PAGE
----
“Come on Gwion Bach”, said Morda impatiently, “we have work to do, I’ve received a message from the witch Cerridwen offering us a years’ work so hurry up as we can’t afford to miss an opportunity like that”.
So I gathered up my meagre belongings and ran after Morda, who although blind was already yards ahead of me.
We headed north for Penllyn to the home of Tegid Foal and his wife the well known wise woman called Cerridwen. We approached the lake about noon the following day and although the Sun was high in the sky the lake was still veiled by mist. As we approached an austere looking hut we were greeted by a beautiful looking young woman.
“Welcome” she said softly,” my name is Creirwy and I have been sent to meet you and take you to my mother Ceridwen. Please follow me into the woods”.
I had no hesitation in following such a fair maiden as she. As we followed her we walked close to the window of the hut where I heard a scurrying sound from inside the hut which I found quite disconcerting. The inside of the hut was unlit and dark but as I peered in I was certain that I could see a small figure crouching in the darkest corner of the room.
“Hello” I called.
“He won’t answer you” said Creirwy “that is my bother Afagddu, once known as Morfran until his ugliness caused my mother to cast him into the shadows out of the sight of men. As a reminder of her shame at having produced such a creature as he she renamed him as Afagddu which means utter darkness”.
“Can nothing be done to heal his life” I asked.
“That is why you are here” she replied. “come let us go quickly, Mother has been busy collecting the herbs required for your work and has little patience since returning from her visit to the Fferyllt. You do not want to anger her or test her patience” she added.
Leaving the pathetic figure behind us we were led by Creirwy into the depths of the forest, eventually arriving at the small hut that was to be our home over the next year and a day. The dark and imposing silhouette of a bent figure could be seen standing by a large cauldron into which she appeared to be pouring in water.
“At last” she cried, “my work can begin. Come sit and I will tell you about your task”.
She pointed a long crooked finger towards a fallen log that was to be our chair. We sat and she began to tell her tale.
“Afagddu, my son, was born ugly and I am afraid to send him out into the world for fear that he will be rejected and my shame increased. Tegid, my husband, has not solution to offer so I have devised a plan that will bestow great knowledge and wisdom on to Afagddu who will become so wise and knowledgeable that men, so overwhelmed by his wisdom, will not see his ugliness. To achieve this” she continued “I have obtained the recipe for a magic potion that will bestow great wisdom onto Afagddu”. “This” she said “is your task, for the potion must be tended for a year and a day. On the last day I will come and take from the cauldron the potion but it is important that no-one else tastes the potion or corrupts it in any way”.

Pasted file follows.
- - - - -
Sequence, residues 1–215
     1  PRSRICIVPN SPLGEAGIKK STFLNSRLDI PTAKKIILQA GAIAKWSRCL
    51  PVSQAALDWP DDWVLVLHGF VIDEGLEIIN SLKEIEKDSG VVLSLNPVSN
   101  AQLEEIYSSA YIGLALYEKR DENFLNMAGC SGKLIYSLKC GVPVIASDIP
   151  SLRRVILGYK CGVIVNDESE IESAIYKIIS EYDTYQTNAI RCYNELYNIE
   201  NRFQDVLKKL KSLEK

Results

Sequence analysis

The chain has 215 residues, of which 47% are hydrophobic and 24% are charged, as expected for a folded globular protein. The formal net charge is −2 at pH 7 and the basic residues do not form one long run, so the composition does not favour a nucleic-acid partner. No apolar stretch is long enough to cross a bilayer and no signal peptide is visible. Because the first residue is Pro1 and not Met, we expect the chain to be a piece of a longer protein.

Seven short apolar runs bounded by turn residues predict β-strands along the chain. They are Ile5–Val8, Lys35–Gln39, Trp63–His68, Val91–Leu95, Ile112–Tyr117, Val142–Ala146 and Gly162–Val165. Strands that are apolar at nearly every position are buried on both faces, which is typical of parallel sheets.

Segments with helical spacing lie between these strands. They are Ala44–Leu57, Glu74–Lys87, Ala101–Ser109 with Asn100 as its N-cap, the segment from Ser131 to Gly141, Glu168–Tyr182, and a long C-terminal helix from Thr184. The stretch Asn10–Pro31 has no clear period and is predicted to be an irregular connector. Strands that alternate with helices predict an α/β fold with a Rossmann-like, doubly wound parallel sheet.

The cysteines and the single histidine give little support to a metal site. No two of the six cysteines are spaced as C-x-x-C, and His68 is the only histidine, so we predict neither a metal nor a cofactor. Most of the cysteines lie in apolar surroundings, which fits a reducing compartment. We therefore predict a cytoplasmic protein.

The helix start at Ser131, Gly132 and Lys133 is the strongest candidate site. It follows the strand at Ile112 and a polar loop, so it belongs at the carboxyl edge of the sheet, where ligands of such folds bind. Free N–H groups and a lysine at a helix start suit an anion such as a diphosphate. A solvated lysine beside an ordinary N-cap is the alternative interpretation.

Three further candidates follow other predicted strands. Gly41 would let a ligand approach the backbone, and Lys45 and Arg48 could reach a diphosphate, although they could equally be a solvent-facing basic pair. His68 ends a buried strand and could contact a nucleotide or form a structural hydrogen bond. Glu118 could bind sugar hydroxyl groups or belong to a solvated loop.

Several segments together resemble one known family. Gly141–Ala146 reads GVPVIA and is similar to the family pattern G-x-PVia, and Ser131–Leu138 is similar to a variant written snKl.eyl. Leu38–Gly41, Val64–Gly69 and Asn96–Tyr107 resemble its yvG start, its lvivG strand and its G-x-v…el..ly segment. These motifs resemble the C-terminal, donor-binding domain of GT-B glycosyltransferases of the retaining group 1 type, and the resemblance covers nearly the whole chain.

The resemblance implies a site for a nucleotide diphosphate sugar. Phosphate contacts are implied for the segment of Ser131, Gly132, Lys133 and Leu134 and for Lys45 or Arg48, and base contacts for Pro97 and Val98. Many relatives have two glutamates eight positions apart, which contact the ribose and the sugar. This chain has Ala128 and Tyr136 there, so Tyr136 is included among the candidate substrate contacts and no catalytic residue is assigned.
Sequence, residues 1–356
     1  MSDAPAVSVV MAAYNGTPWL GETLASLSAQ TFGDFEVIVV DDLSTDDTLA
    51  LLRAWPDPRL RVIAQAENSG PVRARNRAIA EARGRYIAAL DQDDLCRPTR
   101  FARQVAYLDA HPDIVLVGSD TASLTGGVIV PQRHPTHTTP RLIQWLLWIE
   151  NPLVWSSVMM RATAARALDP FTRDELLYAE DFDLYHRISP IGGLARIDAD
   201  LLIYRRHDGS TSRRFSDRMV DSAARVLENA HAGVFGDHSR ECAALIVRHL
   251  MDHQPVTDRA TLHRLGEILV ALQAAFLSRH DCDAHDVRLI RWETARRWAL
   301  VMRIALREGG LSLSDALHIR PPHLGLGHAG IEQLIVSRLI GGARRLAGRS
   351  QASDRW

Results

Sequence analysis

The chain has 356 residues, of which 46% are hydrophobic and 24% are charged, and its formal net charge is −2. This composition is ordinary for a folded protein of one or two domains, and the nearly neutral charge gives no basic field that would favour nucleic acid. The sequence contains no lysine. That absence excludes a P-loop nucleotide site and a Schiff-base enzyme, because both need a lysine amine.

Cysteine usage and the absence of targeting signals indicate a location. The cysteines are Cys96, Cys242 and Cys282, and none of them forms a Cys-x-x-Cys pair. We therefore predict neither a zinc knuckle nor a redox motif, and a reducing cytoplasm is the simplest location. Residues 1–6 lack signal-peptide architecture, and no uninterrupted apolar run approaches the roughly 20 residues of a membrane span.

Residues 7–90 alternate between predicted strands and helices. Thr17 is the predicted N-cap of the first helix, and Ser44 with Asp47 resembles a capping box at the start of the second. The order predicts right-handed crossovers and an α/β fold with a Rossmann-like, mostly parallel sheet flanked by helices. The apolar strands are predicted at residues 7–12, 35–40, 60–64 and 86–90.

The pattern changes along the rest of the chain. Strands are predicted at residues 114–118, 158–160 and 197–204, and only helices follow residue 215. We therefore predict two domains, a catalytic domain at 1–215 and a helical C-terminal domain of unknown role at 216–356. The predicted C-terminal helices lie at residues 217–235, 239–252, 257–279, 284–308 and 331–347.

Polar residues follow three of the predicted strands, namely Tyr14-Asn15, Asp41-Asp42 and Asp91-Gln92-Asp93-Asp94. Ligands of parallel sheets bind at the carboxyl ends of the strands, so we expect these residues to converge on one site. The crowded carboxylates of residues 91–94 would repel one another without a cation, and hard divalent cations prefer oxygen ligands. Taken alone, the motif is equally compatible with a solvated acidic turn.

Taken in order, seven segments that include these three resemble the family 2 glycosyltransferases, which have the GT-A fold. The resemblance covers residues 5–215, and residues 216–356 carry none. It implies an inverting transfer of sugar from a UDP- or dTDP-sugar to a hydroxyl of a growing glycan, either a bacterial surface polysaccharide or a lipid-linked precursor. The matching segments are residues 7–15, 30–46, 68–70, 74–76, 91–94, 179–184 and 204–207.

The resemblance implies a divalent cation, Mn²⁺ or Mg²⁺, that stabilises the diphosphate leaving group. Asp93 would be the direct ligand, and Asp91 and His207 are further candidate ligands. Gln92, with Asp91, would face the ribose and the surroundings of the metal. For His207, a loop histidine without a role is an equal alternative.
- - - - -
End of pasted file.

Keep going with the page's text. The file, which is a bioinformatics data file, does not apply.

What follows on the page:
“Well lad” said Morda “get stirring and I will go and I will gather wood for the fire”.
Ceridwen began casting her herbs into the cauldron careful not to let me see what herbs she had used or to hear what incantations she whispered over the boiling water to begin the mystical process I was now committed to.
I took hold of the rather imposing stirrer and began to stir whilst Morda tended the fire. We toiled day and night for what seemed an age whilst Ceridwen visited occasionally to add herbs or recite incantations over the steaming cauldron. Morda said we toiled for a year and a day but try as I may I couldn’t remember if the moon rose or set or even if night followed day, but each day Morda continued to stoke the fire and I continued to stir the cauldron.
“Well” said Morda “Our work is nearly done, as the Sun rises on the morrow our task will be complete and payment will be made”.
I sighed with relief and anticipation of the completion of our task as the Sun rose above the tree tops and began to cast light into the clearing that had been our home for the past year. With one last mighty stir the task was done. All I can remember from the first searing pain and the relief I felt when I sucked off the three drops of boiling potion that had fallen onto my thumb was the overwhelming darkness that engulfed my senses as I slipped into unconsciousness.
I became aware of a light slowly getting brighter as my consciousness began to return. This was quickly followed by the sound of a man screaming for mercy. I opened my eyes and found that I had fallen into the thick undergrowth that surrounded the clearing. Peering through the bushes I saw Morda fallen next to the broken cauldron those contents had spilled onto the surrounding soil, the stench was almost unbearable as the potion poisoned all that it touched. Standing above Morda was the figure of Ceridwen now tall, mighty and fearful. The power of her form shocked me.